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Doctor: Med school will benefit Andalusia

0619-rotary

The realization that there aren’t enough primary care physicians in the nation or the state – and that the problem is going to get worse – led a group in Alabama to take matters into their own hands.

Through the Alabama Medical Education Consortium (AMEC), students from 10 medical schools across the country come to rural Alabama for clinical training, with the overall goal of recruiting physicians to choose primary care careers in medically underserved communities. Andalusia Regional Hospital is one of the sites at which this training is provided, Dr. Jimmy Adkisson of Brewton, a member of AMEC, told Rotarians Tuesday.

Further, he said, AMEC’s work led to the idea of Alabama developing its own College of Osteopathic Medicine (ACOM).

Several colleges and communities expressed an interest in the college, but Houston County came up with the money to make it a reality. As a result, the Alabama College of Osteopathic Medicine will open this August with 162 students, and will be affiliated with Southeast Alabama Medical Center.

But as those students reach their third year of study, they’ll be sent to do rounds in places like Andalusia.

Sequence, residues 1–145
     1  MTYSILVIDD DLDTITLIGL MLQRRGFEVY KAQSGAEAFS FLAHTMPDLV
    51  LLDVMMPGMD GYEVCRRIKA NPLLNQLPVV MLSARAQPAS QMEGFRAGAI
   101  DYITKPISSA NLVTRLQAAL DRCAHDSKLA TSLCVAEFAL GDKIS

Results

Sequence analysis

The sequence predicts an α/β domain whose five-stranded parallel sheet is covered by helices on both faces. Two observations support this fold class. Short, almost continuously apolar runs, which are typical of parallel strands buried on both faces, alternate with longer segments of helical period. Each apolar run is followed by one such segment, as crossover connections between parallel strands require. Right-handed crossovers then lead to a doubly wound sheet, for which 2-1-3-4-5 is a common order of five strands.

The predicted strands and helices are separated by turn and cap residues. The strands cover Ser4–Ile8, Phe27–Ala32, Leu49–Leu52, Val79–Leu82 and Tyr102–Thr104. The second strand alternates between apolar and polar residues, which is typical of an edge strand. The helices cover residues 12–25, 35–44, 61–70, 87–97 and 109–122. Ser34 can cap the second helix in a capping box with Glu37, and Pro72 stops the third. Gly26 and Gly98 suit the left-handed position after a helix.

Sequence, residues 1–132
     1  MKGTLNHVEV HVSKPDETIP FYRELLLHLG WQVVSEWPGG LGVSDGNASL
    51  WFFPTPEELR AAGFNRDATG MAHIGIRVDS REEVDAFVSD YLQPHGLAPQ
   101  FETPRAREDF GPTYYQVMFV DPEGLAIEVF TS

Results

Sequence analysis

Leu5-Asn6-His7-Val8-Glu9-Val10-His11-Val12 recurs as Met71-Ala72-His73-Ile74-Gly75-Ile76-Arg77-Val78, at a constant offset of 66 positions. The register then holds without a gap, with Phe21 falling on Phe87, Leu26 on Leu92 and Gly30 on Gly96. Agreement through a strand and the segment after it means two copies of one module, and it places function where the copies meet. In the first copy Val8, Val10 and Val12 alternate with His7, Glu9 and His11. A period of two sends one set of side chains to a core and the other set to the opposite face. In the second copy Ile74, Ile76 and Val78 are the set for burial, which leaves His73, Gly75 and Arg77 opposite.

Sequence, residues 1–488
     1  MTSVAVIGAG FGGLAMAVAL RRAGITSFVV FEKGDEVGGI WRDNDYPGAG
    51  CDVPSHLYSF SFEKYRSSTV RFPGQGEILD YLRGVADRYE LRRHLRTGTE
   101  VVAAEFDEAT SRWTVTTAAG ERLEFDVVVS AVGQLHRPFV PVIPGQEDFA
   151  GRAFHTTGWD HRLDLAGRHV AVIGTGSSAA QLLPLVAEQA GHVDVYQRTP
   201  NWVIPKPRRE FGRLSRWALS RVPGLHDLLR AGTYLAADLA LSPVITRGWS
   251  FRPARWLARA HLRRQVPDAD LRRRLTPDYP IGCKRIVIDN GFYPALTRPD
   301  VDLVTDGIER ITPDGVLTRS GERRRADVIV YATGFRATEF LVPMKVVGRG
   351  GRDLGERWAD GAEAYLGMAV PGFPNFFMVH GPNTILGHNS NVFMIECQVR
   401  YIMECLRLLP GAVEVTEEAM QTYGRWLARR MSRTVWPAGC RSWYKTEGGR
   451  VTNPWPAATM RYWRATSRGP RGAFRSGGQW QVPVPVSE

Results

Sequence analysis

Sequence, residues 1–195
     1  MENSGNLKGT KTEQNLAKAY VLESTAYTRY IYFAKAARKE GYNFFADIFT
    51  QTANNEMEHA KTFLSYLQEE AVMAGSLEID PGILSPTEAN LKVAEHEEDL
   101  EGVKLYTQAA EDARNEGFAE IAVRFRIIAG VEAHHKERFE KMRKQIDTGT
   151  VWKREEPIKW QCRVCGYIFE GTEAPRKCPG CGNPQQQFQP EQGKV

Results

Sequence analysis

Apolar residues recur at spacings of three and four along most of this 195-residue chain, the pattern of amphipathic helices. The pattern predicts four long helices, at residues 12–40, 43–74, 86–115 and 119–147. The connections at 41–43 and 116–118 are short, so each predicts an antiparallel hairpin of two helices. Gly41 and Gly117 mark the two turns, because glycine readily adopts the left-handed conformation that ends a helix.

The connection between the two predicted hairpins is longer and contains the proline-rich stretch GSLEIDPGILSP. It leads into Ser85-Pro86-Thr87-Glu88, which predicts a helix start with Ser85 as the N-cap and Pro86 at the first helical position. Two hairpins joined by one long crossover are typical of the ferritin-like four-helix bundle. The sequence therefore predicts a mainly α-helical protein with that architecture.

Adkisson explained that the college will train students in five general areas, including general physician, internal medicine, pediatrics, obstetrics and gynecology, and general surgery.

“This is the core of medicine,” he said. “These kinds of doctors take care of 90 percent of health care needs.”

The United States is 45,0000 physicians short, he said.

Of the 67 counties in Alabama, 65 don’t have enough doctors, and 60 actually have a shortage.

Armed with data that most physicians practice within 100 miles of where they study, that’s were AMEC comes into play.

“We envisioned a medical school without walls,” Adkisson said. “If we send students into rural America, they are more likely to come back to practice here.”

Currently, AMEC has 600 physicians in Alabama committed to accepting third and fourth-year medical students to study with them.

“Would you give up living in Andalusia to live in Birmingham or Huntsville?” Adkisson asked. “No. Guest what? The reverse is true, also. They don’t understand us.”

ARH recently hosted its first med student on rotations, he said.

“Her critique if ARH was excellent,” Adkisson said.

The new medical school will mean that happens more often.

“Students will actually do their internships here,” he said. “This will impact Andalusia tremendously.”